Kraft Heinz and Pulpex say they will develop the prototype bottle to test how the solution functions for the company’s condiment packaging, as well as for other packaging formats in the future. The next step in the process will reportedly involve assessing the performance of the prototype before testing with consumers.
By 2025, Kraft Heinz is aiming to make all of its packaging recyclable, reusable, or compostable. The company has previously introduced recyclable caps for its plastic squeezy sauce bottles, which it adds contain 30% recycled content in the EU. According to Kraft Heinz, its partnership with Pulpex will be the latest initiative to drive progress toward its sustainable packaging goals.
Miguel Patricio, CEO of Kraft Heinz, comments: “Packaging waste is an industrywide challenge that we must all do our part to address.
“That is why we are committed to taking steps to explore sustainable packaging solutions across our brands at Kraft Heinz, offering consumers more choices.
“This new HEINZ bottle is one example of how we are applying creativity and innovation to explore new ways to provide consumers with the products they know and love while also thinking sustainably.”
Scott Winston, CEO of Pulpex, adds: “We are delighted to work with HEINZ to bring our patented packaging technology to such a famous name in food and are excited about the potential of this collaboration.
“We believe that the scope for paper-based packaging is huge, and when global household names like HEINZ embrace this type of innovative technology, it’s good news for everyone – consumers and the planet.”
One of the major challenges facing the paper-based bottle industry, led by Pulpex and its competitor, Paboco, is the lining used to protect the contents of the bottle and maintain the integrity of the bottle material. These linings are often made from plastic, which can disrupt the recycling process.
Pulpex is collaborating with BASF to develop proprietary, food-grade barrier coatings for its paper-based bottles, with the companies claiming that the coatings will enable the bottle to still be considered PET-free. Stora Enso, which supplies the formed fibre for Pulpex bottles, notes that the coatings are sprayed on internally and “designed to be compatible with the products they are holding”. There is no confirmation yet of what lining material the prototype Pulpex bottle for HEINZ Tomato Ketchup will use.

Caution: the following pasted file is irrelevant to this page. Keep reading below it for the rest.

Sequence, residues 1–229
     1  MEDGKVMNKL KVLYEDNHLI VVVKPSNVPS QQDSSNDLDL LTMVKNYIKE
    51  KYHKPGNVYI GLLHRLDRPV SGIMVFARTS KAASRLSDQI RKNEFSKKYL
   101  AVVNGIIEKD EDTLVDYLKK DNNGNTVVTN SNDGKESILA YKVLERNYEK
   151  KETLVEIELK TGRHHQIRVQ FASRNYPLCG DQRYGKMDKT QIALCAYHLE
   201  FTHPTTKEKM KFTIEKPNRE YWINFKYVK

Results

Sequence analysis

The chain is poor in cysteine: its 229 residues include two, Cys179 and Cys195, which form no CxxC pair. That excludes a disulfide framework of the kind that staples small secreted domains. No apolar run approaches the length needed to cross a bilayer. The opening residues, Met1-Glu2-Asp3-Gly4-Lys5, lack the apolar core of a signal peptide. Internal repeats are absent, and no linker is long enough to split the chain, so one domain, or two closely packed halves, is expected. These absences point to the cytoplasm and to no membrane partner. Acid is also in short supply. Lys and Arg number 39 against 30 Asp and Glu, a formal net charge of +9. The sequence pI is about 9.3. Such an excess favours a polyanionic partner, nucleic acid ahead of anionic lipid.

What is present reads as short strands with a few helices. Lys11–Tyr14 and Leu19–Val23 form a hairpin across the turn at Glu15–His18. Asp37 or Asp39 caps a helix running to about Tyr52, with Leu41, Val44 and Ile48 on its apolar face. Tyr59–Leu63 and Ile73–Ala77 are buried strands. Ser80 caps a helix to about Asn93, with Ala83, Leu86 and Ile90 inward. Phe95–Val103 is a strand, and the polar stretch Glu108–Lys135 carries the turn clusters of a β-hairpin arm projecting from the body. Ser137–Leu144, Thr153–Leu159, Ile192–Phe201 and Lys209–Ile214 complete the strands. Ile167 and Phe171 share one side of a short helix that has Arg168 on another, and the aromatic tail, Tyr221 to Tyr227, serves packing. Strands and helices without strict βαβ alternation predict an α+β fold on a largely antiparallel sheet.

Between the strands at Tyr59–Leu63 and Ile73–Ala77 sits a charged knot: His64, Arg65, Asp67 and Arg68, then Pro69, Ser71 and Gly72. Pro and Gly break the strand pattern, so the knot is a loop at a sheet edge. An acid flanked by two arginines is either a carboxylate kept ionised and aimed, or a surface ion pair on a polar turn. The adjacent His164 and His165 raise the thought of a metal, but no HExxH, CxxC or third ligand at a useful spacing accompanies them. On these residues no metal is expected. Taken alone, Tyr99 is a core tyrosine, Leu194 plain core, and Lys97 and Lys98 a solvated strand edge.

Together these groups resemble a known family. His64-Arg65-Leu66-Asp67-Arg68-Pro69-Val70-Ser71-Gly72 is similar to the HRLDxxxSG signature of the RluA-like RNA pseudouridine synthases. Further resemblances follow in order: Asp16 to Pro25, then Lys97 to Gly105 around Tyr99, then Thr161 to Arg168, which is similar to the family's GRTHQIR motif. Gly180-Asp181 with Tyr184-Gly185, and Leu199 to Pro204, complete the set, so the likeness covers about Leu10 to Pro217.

While Kraft Heinz says that the paper used in the prototype bottle will be made from 100% sustainably sourced wood pulp, it is unclear how the companies intend for the bottle to be disposed of due to the potential lining. The Absolut paper-based bottle developed by Paboco, for example, can be recycled in some paper streams, but this means its plastic lining is not recycled.
Pulpex has previously claimed that its paper bottles can be recycled in standard paper and cardboard waste streams or will otherwise degrade in the natural environment. At present, the companies have not confirmed whether the prototype HEINZ Tomato Ketchup bottle can also be disposed of in this way, and other considerations such as the material of the cap, also unspecified, could prevent it from being fully recyclable in its first generation.
On the issue of materials, Pulpex says its current data indicates that the carbon footprint of its bottles is “materially less” than glass and plastic on a bottle-by-bottle basis. As noted by Jonathan Wragg, owner of CAP Environmental, while discussing paper bottles, there are conflicting viewpoints on the sustainability of different materials between industries, and substitutions such as plastic for paper rarely reduce or eliminate the amount of waste produced.
In the absence of life cycle assessment data, it is difficult to know whether the CO2 emissions of Puplex paper bottles are lower at scale, rather than just at a bottle-to-bottle level. However, it is also difficult to gather data on the overall environmental performance of Pulpex paper bottles against plastic or glass alternatives until they are widely available on mainstream markets.
According to Kraft Heinz and Pulpex, paper-based bottles are expected to be widely recyclable in paper waste streams once they are in use. This nonetheless suggests that there are still barriers to overcome in scaling paper-based bottles in general, which are likely to impact how soon the Kraft Heinz prototype can be made viable and commercially available.
Rashida La Lande, EVP & global general counsel and chief sustainability and corporate affairs officer at Kraft Heinz, concludes: “We hope to bring this bottle to market and to be the first sauce brand to provide consumers this choice in their purchasing decisions, as many consumers today are looking for more sustainable packaging options.
“We’re eager to continue discovering more sustainable packaging for our beloved and iconic brands.”